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Service Stars

Question about calculating years for Service Stars - in our area it’s a school year calendar, so a Scout joins in August and advances in May. For a Scout who completes the whole five years of Tiger/Wolf/Bear/Webelos/Arrow of Light, is that a five year pin or only four years, since they’re not sticking around until their August anniversary date? Thanks!

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I would be inclined to award a five-year pin with a yellow backer to the scout. Personally, I hope that the few months of “grace” being granted will pale in comparison with the long duration of the scout’s time in the scouting program. I believe that, technically, it would be a four-year pin, then start the count for Scouts BSA (green backer) on the bridging date.

I’m not aware of anything that explicitly addresses the Webelos-to-Scout transition and its impact on service stars, but I haven’t personally looked too hard. :^)

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We went away from awarding them all together a couple years ago. But when we did, we awarded them based on join date anniversary, but I can see Charley’s point about not getting too worried about a couple month difference.

On a related note, do your 2nd year Webelos really stay in the pack until the end of the school year? In most places, they cross to Scouts BSA a little earlier, like February (but with lots of variance).

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@AmySorenson, the guidance given by Bryan on Scouting in 2014, indicates that in the scenario you provided, only a four-year service star should be worn, since the star is earned on the anniversary of the registration date.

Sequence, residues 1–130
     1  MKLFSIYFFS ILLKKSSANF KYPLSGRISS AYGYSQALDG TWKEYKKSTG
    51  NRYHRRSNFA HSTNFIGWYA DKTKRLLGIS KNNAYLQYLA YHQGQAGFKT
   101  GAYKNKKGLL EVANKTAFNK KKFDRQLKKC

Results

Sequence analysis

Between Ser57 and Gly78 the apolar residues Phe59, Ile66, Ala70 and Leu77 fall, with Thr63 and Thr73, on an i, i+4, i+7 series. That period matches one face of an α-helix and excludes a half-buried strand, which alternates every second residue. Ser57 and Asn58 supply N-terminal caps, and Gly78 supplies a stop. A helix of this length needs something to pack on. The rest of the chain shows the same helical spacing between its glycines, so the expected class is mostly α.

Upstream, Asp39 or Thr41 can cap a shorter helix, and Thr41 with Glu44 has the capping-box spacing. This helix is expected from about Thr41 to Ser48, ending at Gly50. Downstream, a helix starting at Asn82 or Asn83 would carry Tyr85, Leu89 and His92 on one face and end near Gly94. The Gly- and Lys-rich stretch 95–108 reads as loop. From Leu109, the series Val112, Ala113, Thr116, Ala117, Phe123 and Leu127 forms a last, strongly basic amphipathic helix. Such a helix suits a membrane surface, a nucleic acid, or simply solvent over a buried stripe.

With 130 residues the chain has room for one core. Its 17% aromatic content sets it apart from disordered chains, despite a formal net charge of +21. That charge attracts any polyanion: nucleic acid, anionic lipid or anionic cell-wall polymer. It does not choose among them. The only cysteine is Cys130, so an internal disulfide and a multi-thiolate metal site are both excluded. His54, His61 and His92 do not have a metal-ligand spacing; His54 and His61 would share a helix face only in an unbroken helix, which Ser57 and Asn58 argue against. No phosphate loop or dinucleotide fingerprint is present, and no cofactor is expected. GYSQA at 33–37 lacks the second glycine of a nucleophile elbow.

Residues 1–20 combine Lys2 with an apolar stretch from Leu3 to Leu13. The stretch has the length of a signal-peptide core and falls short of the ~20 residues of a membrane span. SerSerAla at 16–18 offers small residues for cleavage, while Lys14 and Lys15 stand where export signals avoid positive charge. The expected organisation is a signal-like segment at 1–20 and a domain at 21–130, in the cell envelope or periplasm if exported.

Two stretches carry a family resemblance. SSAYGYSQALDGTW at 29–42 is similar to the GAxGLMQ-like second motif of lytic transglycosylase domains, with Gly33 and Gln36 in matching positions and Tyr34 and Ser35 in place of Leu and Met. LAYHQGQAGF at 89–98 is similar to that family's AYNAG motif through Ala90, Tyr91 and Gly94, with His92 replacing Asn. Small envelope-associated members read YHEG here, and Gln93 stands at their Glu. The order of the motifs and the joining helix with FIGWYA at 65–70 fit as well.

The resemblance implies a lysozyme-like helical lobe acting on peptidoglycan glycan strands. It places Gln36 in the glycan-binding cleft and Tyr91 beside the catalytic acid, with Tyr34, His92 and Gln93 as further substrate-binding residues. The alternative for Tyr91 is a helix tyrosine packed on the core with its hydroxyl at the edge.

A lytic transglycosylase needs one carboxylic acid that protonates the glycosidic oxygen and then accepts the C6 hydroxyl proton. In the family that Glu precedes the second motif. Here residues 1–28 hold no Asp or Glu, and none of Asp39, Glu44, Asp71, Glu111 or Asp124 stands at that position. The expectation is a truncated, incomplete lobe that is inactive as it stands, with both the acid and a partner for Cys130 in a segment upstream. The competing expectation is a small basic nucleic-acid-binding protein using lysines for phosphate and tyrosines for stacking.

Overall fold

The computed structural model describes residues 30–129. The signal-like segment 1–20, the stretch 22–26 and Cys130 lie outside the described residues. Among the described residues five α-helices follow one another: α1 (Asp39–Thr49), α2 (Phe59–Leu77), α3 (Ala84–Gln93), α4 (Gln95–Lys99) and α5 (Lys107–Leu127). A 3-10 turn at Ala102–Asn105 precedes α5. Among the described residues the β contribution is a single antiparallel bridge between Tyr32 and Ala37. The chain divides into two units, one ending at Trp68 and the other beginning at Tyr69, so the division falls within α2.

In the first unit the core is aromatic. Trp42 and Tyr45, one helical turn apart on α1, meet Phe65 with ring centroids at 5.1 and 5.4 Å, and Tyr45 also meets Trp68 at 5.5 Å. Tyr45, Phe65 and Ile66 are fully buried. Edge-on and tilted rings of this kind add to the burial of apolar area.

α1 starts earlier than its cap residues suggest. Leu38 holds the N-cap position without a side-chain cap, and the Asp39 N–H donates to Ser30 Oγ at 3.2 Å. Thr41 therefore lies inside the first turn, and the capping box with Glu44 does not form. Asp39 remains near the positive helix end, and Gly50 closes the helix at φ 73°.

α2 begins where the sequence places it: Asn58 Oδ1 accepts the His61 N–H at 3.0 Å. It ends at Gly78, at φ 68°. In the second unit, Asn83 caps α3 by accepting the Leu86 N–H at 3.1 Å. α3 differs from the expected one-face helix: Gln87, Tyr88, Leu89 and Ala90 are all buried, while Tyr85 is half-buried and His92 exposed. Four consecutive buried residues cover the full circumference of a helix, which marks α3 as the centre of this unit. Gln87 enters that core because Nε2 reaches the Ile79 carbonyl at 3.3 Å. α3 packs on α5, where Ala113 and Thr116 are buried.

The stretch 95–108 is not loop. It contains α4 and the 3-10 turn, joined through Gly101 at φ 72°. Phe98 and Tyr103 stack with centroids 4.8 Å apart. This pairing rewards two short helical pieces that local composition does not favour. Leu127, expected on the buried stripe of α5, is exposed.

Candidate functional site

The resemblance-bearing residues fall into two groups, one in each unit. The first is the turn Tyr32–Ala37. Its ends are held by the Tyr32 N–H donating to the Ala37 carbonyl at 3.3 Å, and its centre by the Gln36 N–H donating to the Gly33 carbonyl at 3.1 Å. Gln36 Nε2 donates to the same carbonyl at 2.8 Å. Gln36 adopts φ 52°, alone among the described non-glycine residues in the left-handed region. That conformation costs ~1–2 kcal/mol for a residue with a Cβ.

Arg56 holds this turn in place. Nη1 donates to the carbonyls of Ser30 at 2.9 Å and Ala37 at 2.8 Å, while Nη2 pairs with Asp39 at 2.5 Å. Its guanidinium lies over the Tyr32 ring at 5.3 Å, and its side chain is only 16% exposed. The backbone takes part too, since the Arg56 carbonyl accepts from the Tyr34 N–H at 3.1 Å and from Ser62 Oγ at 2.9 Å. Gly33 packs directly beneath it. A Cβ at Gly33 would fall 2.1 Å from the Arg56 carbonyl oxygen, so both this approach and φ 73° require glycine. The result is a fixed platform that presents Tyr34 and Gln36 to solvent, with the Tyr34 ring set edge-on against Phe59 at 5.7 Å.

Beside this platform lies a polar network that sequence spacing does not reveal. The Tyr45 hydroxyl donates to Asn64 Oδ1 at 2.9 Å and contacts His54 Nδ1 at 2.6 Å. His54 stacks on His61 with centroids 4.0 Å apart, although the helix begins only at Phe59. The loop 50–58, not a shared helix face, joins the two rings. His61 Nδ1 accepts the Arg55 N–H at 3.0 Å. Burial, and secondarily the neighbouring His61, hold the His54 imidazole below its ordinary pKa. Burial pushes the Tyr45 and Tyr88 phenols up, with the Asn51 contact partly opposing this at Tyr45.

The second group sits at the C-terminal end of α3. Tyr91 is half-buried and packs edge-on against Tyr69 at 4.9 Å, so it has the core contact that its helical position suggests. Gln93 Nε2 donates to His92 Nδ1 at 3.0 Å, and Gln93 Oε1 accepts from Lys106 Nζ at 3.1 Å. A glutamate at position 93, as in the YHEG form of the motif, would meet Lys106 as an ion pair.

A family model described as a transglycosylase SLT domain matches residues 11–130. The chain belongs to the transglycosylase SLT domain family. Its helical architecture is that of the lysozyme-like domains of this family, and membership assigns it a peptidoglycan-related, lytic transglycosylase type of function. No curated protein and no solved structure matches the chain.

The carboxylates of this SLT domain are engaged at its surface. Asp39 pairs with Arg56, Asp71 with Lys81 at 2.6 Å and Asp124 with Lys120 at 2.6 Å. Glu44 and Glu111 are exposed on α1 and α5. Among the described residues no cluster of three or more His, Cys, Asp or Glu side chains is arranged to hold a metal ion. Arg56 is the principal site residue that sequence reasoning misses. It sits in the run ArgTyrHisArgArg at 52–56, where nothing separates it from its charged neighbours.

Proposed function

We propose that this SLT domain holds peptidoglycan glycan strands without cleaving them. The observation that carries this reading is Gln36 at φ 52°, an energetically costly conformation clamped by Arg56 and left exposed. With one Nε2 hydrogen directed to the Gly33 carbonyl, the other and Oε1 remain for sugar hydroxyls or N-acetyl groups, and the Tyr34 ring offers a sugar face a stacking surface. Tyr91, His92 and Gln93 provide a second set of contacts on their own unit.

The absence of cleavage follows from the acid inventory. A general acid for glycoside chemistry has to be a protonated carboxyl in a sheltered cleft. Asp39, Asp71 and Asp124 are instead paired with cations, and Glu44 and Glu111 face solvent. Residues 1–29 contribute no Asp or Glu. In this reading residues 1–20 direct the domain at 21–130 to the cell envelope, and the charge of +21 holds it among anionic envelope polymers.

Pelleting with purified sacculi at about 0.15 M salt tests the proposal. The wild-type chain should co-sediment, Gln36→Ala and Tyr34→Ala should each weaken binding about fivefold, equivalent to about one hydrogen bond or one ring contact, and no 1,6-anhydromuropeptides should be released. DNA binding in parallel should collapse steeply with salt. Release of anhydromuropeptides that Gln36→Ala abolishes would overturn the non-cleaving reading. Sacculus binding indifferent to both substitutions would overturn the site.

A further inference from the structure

We do not do it that way in my pack. I recall reading years ago (probably in an Insignia Control Guide from the 1970s, but I’m not sure) that when leaving one BSA program and moving on to another, the program the Scout is leaving should award the next service star, if the Scout has x years and 6 or more months of service. In addition, service stars were traditionally presented at the final pack meeting or court of honor of the program year in May or June. It was routine at the time to present a one-year service star to a boy who had joined in September, even though he had only been a member for eight or nine months.

If a Scout got a service star by the rounding up rule, he started accruing time for his next service star on the anniversary date of his membership. In other words, he was to make up for the time he owed.

The Bryan on Scouting article also says the registration anniversary date is used. Since BSA registration fees always cover full months, prior to 2014, I had been under the impression that the time for service stars begins on the first of the month when the Scout was registered.

Here’s an example that illustrates the 1970s rules that I remember using actual dates instead of full months:

Scout is born on March 15, 1967. He joins a pack as a Wolf on September 15, 1974. At the June 1975 pack meeting, he is awarded a one-year service star, even though he has only nine months of service. On May 25, 1977, he graduates from the pack and becomes a Boy Scout. The pack gives him a three-year service star for his two years, eight months and 10 days of service, since it is at least two years and six months. His new troop does not begin to accrue time for his first Boy Scout service star until September 15, 1977. At the June 1978 court of honor, the troop awards him a one-year service star. At the March 1985 court of honor, his last as a youth member, the troop presents an eight-year service star. From September 15, 1977 to March 14, 1985, his last day as a youth, is seven years and six months, if you count the day of joining and the last day as a youth as full days. That’s why the anniversary date doesn’t make sense to me. January 1 to June 30 is six full months. July 1 is six months later than January 1, but January 1 to July 1 is a time span of six months and one day. So, it should really be the day before the anniversary date. Anyway, the new young adult should not begin accruing time for his one-year adult service star until September 15, 1985, since he still “owes” time on his final Boy Scout service star.